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Data on the performance of Mycobacterium-tuberculosis-specific interferon-(IFN)-gamma release assays (IGRAs) in the serial testing of healthcare workers is limited.
Data on the performance of Mycobacterium-tuberculosis-specific interferon-(IFN)-gamma release assays (IGRAs) in the serial testing of healthcare workers (HCWs) is limited. Ringshausen, et al. sought to determine the frequency of IGRA conversions and reversions and to identify predictors of persistent IGRA positivity among serially tested German HCWs in the absence of recent extensive tuberculosis (TB) exposure. Their research was published in BMC Infectious Diseases.
In this observational cohort-study, HCWs were prospectively recruited within occupational safety and health measures and underwent a tuberculin skin test (TST) and the IGRA QuantiFERON-TB Gold In-Tube (QFT-GIT) at baseline. The QFT-GIT was repeated 18 weeks later in the median. QFT-GIT conversions (and reversions) were defined as baseline IFN-gamma < 0.35 IU/ml and follow-up IFN-gamma >= 0.35 IU/ml (and vice versa). Predictors of persistently positive QFT-GIT results were calculated by logistic regression analysis.
In total, the researchers report that 18 (9.9 percent) and 15 (8.2 percent) of 182 analyzed HCWs were QFT-GIT-positive at baseline and at follow-up, respectively. They observed a strong overall agreement between baseline and follow-up QFT-GIT results (kappa = 0.70). Reversions (6/18, 33.3 percent) occurred more frequently than conversions (3/162, 1.9 percent). Age and positive prior and recent TST results independently predicted persistent QFT-GIT positivity. Furthermore, the researchers explain that the chance of having persistently positive QFT-GIT results raised about 3 percent with each additional 0.1 IU/ml increase in the baseline IFN-gamma response (adjusted odds ratio 1.03, 95 percent confidence interval 1.01-1.04). No active TB cases were detected within an observational period of more than two years.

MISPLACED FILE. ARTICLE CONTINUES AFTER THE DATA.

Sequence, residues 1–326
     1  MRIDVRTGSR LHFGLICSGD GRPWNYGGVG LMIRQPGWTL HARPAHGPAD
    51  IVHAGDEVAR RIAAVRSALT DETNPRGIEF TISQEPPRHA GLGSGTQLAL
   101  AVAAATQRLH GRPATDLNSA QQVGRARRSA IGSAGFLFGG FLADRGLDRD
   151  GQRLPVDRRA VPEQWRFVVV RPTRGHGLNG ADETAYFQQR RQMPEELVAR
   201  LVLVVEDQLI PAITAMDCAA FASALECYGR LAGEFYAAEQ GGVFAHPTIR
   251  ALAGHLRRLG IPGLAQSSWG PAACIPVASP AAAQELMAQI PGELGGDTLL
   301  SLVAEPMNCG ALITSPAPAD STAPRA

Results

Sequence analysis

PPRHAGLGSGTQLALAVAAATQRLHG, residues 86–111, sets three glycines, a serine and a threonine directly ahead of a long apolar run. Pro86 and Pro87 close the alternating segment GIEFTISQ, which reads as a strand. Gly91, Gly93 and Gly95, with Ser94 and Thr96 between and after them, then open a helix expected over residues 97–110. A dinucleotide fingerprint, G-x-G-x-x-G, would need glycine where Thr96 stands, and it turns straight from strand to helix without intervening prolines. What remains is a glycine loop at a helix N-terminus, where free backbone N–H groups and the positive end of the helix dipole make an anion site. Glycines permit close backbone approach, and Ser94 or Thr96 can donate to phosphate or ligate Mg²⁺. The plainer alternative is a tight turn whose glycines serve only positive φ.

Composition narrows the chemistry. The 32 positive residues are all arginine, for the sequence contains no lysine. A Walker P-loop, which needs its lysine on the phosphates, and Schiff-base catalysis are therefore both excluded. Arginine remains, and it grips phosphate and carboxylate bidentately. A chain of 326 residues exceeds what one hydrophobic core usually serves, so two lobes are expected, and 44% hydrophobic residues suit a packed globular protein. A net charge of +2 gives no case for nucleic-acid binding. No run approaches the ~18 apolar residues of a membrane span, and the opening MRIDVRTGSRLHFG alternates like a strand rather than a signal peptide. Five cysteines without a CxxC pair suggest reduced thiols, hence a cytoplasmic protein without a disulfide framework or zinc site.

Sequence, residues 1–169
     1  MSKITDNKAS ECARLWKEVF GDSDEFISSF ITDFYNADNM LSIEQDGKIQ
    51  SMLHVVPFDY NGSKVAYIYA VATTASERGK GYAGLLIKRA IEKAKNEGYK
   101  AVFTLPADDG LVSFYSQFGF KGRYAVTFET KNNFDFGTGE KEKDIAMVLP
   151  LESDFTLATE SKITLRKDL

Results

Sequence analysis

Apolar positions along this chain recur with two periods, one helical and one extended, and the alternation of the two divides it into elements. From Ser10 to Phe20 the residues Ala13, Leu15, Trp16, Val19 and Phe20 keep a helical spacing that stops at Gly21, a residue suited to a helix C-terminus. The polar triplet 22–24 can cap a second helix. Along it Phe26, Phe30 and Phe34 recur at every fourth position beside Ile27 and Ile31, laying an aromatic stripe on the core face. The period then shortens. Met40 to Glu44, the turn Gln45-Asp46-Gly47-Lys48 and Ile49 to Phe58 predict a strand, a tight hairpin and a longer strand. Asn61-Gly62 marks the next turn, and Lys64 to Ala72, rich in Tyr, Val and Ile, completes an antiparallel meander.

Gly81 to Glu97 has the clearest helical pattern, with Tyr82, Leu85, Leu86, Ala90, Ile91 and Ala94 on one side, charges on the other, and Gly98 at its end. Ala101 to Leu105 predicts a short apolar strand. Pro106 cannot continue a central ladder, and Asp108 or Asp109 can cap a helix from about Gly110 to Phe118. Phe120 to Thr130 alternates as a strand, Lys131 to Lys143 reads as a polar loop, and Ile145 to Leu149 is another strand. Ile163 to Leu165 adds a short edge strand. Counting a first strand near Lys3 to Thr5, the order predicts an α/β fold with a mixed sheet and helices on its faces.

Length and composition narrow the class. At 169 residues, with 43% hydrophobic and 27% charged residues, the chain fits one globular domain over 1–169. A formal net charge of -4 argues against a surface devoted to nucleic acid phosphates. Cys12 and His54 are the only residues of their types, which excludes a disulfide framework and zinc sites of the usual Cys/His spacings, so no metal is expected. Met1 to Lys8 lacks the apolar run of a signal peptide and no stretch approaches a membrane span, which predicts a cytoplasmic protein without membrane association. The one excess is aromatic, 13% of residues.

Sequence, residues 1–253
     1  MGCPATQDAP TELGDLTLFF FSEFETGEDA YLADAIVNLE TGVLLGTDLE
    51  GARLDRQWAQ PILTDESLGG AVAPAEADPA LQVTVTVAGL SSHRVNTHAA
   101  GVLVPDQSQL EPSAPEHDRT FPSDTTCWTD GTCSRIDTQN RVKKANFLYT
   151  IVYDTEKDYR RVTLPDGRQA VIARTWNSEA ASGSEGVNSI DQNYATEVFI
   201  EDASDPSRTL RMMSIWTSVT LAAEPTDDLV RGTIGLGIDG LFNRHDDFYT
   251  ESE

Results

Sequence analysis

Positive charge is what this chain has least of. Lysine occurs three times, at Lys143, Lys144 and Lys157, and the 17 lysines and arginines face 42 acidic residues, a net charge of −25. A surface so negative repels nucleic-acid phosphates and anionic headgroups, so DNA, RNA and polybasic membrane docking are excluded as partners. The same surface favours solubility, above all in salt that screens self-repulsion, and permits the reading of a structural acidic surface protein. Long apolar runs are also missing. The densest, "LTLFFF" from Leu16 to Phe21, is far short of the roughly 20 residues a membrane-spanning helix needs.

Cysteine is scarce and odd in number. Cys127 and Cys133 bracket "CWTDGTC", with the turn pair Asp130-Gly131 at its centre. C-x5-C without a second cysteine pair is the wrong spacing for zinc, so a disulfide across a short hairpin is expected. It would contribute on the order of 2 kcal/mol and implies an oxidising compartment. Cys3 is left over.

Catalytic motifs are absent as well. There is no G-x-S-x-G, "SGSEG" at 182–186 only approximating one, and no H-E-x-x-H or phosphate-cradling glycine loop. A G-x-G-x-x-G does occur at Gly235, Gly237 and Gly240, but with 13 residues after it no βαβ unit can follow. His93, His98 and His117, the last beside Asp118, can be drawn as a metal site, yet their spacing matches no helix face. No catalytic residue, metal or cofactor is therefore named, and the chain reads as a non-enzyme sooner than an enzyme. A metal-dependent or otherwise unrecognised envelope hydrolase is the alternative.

The researchers concluded that QFT-GIT's utility for the application in serial testing was limited by a substantial proportion of reversions. This shortcoming could be overcome by the implementation of a borderline zone for the interpretation of QFT-GIT results. However, further studies are needed to clearly define the within-subject variability of the QFT-GIT and to confirm that increasing age, concordantly positive TST results, and the extend of baseline IFN-gamma responses may predict the persistence of QFT-GIT positivity over time in serially tested HCWs with only a low or medium TB screening risk in a TB low-incidence setting.
Reference: Ringshausen FC, Nienhaus A, Schablon A, Schlosser S, Schultze-Werninghaus G and Rohde G. Predictors of persistently positive Mycobacterium-tuberculosis-specific interferon-gamma responses in the serial testing of health care workers. BMC Infectious Diseases 2010, 10:220doi:10.1186/1471-2334-10-220.